Reviews - Week 32


Belle & Sebastian

Dear Catastophe Waitress

Rough Trade

This long-awaited album is a new departure for this cult band. While very different from their previous work it is recognisably B&S with their Scottish lilt, storytelling lyrics , and the fragile harmonies. The production by Trevor Horn has given the album a slightly more poppy edge…

No sorry I can't do this. I love Belle & Sebastian and I can't analyse them in this way. But hey! This is friends of the heroes, we write about the things that we care about and how they effect our own lives, so let's start again…

Early on Monday the 6th of October 2003 a girl wearing a blue coat and shoulder bag with B&S badges pinned to it shuffled into a record shop. Shyly she picked up an orange coloured CD. Acutely aware of her badges she went to the counter to pay. She was shaking slightly with a mixture of excitement and nerves (and the cold weather).

The band is like that you see, they inspire fanaticism, encourage obsession and force people to fall in love with them. I'm quite sure that the girl in the duffel coat was not alone in experiencing the urge to make a special trip to buy the album the very day it was released. Long ago many fans fell in love with Belle and Sebastian albums which were quiet and tender. The early recordings had lyrics which broke people's heart's, and with time mended them once again. They seemed to have dropped to earth from another dimension.

On the number 85 bus the girl pulled put the CD and drew out the sleeve notes. Her heart skipped a beat, what if it wasn't there? She breathed normally, because of course it was.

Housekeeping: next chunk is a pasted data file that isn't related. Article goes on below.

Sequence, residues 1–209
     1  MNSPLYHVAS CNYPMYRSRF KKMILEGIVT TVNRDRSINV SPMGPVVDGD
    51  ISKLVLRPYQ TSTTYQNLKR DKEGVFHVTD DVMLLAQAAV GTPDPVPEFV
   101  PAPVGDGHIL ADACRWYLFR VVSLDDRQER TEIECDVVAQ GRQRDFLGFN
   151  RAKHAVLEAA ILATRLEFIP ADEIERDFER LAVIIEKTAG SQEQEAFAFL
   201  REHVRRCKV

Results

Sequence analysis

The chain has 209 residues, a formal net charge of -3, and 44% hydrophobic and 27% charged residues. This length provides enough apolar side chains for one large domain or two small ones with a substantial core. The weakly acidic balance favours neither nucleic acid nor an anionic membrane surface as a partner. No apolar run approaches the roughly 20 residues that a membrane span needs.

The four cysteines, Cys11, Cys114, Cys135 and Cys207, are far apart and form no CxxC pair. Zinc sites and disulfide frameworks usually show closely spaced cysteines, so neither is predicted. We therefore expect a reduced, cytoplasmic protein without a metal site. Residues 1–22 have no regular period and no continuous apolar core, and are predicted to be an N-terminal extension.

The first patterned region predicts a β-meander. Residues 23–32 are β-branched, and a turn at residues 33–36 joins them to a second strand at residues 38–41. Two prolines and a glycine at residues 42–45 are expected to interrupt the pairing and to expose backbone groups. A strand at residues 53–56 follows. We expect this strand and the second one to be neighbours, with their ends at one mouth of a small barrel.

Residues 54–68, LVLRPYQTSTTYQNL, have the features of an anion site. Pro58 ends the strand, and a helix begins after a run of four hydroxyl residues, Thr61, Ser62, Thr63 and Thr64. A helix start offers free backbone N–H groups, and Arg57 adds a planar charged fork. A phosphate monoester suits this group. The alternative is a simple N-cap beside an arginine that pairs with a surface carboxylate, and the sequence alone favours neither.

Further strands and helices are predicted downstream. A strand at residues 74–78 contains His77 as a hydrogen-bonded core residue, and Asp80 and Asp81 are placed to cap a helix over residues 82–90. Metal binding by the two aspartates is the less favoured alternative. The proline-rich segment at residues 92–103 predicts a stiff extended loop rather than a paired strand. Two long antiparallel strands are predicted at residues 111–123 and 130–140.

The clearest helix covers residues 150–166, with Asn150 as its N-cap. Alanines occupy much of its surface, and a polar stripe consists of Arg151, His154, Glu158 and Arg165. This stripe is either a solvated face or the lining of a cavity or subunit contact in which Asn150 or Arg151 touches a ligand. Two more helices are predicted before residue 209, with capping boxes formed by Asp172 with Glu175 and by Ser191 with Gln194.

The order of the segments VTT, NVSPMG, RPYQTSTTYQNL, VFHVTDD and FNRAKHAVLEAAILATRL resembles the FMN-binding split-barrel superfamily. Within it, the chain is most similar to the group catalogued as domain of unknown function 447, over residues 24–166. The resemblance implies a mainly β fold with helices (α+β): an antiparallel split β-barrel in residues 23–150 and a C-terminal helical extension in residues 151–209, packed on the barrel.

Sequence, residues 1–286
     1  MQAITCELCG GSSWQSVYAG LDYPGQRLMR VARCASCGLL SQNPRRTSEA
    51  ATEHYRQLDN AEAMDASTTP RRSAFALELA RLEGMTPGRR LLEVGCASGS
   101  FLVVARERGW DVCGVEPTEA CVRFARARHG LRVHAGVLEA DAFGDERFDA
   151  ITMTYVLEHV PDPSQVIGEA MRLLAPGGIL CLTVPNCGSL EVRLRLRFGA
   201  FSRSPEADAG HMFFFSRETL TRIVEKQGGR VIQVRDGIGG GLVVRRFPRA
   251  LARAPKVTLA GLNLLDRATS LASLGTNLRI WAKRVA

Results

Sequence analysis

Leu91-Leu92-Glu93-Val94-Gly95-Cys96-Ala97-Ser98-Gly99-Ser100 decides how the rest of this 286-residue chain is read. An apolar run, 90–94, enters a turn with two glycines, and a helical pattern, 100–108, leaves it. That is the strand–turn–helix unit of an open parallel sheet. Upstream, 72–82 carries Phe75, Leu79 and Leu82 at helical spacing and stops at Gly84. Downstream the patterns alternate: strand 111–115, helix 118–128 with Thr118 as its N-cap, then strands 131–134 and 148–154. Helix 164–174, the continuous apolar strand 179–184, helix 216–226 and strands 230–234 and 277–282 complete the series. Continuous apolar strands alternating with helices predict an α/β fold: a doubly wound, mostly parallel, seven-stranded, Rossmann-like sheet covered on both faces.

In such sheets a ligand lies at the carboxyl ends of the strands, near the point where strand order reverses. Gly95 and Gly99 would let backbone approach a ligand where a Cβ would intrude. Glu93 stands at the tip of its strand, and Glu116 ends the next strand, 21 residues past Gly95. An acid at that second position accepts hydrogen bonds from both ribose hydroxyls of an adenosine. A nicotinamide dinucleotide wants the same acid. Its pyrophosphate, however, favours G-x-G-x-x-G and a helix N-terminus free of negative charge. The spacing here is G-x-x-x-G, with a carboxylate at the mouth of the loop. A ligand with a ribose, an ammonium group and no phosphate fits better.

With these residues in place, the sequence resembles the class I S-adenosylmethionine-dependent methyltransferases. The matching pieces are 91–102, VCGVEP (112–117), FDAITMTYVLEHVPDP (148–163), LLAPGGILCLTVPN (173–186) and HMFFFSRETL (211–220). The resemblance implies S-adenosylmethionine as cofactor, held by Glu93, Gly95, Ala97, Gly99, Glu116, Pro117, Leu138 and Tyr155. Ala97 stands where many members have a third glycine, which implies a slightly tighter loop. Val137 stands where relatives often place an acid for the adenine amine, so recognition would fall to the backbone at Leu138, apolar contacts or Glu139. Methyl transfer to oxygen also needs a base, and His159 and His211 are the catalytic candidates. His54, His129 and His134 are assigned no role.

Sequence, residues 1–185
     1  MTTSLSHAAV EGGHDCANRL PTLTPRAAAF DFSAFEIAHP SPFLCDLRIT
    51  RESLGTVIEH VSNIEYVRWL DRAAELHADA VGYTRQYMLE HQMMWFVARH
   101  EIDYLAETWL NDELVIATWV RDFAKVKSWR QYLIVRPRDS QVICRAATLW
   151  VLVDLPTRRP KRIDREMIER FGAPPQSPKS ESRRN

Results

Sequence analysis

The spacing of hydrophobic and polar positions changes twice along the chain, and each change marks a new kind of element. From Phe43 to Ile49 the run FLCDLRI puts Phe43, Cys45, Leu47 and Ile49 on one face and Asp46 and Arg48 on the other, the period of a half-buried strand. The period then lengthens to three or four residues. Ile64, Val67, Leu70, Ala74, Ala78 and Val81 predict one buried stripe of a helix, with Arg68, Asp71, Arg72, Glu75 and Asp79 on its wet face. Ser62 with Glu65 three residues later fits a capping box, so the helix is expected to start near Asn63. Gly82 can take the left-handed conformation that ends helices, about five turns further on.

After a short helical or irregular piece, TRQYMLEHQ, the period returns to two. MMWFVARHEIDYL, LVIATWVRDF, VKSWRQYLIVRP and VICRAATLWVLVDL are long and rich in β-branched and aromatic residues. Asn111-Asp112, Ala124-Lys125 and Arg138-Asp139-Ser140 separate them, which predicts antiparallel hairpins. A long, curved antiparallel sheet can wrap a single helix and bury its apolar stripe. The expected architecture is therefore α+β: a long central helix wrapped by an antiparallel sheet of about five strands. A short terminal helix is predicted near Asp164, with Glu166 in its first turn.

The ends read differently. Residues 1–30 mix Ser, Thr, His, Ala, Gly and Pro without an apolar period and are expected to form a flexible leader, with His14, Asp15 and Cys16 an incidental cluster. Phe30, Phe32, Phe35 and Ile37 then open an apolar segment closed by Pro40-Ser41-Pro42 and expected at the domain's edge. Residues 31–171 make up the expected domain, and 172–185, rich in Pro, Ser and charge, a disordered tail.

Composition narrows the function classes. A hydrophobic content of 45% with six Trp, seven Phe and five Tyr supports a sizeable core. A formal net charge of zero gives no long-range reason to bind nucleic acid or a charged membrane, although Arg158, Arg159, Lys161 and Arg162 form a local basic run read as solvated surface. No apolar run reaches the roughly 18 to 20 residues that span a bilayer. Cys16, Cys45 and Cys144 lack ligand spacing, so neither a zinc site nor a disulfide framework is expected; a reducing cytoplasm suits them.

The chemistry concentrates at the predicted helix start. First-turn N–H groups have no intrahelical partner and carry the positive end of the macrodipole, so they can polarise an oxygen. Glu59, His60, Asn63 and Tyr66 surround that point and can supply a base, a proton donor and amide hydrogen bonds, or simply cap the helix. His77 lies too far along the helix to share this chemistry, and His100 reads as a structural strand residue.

The story that accompanies any B&S record is a crucial part of the enjoyment of the music. Maybe its because it offers a little insight into the lives of the band, or maybe its because it enforces the notion that the music is intertwined with everyday life, or maybe its just because sensible people like to read good stories.

The girl was anxious as she listened to the first couple of songs, they were unfamiliar. Brasher, stronger than the b&s that she knew. She thought they were good. She wasn't sure.

The new album is different. It is happier, maybe slightly less personal, slightly more abstract than those which broke hearts so long ago. Perhaps fans who first hear this album may be disappointed with the changes that they face, but most people will find it hard to dispute the fact that the band has grown stronger. Besides the album still manages to "lift two fingers to the air to linger there" to anyone who believes being different is in any way a crime.

A couple of listenings later and the girl sat in a dream like trance. "Wrapped up in books" was catchy music her smile. "Lord Anthony" made her ache as she listened to the fragile murmurings of Stuart Murdoch. And "I'm a cuckoo" made her laugh. She was in love all over again.

Rachel Queen



Previous Week Reviews Index All the bands we've written about Current Issue Next Week